An integrated passive acoustic monitoring and deep learning pipeline for black-and-white ruffed lemurs (Varecia variegata) in Ranomafana National Park, Madagascar

Rainforest Connection & Arbimon’s Science Outreach Lead, Carly Batist, is the lead author of a new study in the American Journal of Primatology that used passive acoustic monitoring (PAM) and machine learning (ML) to study black-and-white ruffed lemurs in southeastern Madagascar.

Black-and-white ruffed lemurs are keystone species in Malagasy rainforests, as they fill vital pollinator and seed disperser roles. However, they are Critically Endangered and limited to fragments of the once-continuous eastern Malagasy rainforests, which makes them challenging to study. PAM is a promising method to overcome this and effectively provide data on species presence, distribution, and behavior, which can inform conservation efforts.

The study aimed to compare PAM to traditional survey methods, create a machine learning model to detect lemur calls from audio data (& compare to manual analysis), and explore lemur vocal patterns.

Black and white ruffed lemur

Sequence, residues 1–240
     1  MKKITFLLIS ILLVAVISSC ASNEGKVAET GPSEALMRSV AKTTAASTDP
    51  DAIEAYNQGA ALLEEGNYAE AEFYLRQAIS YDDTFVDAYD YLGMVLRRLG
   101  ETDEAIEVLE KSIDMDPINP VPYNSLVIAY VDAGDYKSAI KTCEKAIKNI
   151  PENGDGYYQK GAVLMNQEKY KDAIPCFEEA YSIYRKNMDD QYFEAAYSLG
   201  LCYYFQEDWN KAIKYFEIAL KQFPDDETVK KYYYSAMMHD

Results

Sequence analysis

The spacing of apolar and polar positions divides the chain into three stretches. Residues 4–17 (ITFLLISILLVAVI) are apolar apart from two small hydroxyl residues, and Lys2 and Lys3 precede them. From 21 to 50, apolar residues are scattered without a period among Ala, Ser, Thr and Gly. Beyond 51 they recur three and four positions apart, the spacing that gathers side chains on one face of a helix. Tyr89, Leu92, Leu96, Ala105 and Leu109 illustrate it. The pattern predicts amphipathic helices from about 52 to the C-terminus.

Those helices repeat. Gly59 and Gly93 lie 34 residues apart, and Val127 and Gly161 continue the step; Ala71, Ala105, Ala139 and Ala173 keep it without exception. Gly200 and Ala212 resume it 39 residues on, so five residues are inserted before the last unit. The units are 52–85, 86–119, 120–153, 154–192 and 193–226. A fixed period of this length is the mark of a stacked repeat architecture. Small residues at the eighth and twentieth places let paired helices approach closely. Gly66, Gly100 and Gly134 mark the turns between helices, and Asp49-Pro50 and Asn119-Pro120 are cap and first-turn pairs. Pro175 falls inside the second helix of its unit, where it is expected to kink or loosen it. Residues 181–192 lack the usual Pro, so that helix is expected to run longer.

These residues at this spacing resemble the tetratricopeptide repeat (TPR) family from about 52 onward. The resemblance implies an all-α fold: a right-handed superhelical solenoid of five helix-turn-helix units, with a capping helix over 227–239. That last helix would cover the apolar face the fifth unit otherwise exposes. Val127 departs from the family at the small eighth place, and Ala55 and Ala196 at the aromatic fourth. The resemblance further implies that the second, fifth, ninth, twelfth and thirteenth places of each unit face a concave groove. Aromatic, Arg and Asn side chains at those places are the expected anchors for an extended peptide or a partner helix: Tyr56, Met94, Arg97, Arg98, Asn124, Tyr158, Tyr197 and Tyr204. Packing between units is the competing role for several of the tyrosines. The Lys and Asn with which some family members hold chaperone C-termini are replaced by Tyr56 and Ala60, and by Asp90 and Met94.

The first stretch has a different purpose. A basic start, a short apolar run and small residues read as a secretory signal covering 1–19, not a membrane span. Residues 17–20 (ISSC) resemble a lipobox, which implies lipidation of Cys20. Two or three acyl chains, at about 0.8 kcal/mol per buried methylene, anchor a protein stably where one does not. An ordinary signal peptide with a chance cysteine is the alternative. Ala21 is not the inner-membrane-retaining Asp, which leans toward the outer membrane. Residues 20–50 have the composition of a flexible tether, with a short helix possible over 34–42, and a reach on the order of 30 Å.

Data was collected in Ranomafana National Park, using passive acoustic recorders and simultaneous in-person behavioral observations. The authors then developed an automated ML call detection model and compared the results to those from manual detections.

The study concluded that the PAM+ML pipeline was more effective than the in-person observation+manual analysis pipeline with respect to time, cost, labor, and the benefit of generating a permanent dataset that can be re-analyzed. While PAM required a high upfront cost (to purchase recorders, batteries, etc.), this paid for itself after only 2 months in this study.

The study also provided the first quantitative, published evidence of nocturnal calling for ruffed lemurs! Interestingly, there was a particular peak in vocal activity (nocturnal & diurnal) during the short mating period.

While this study focused on ruffed lemurs in Madagascar, this workflow can be adapted for other primate species and range countries as well. The training data and model code has been open-sourced, serving as a resource for those interested in using ML methods. This study highlights the impressive potential of passive acoustic monitoring and machine learning as cost-efficient and scalable tools for biodiversity monitoring.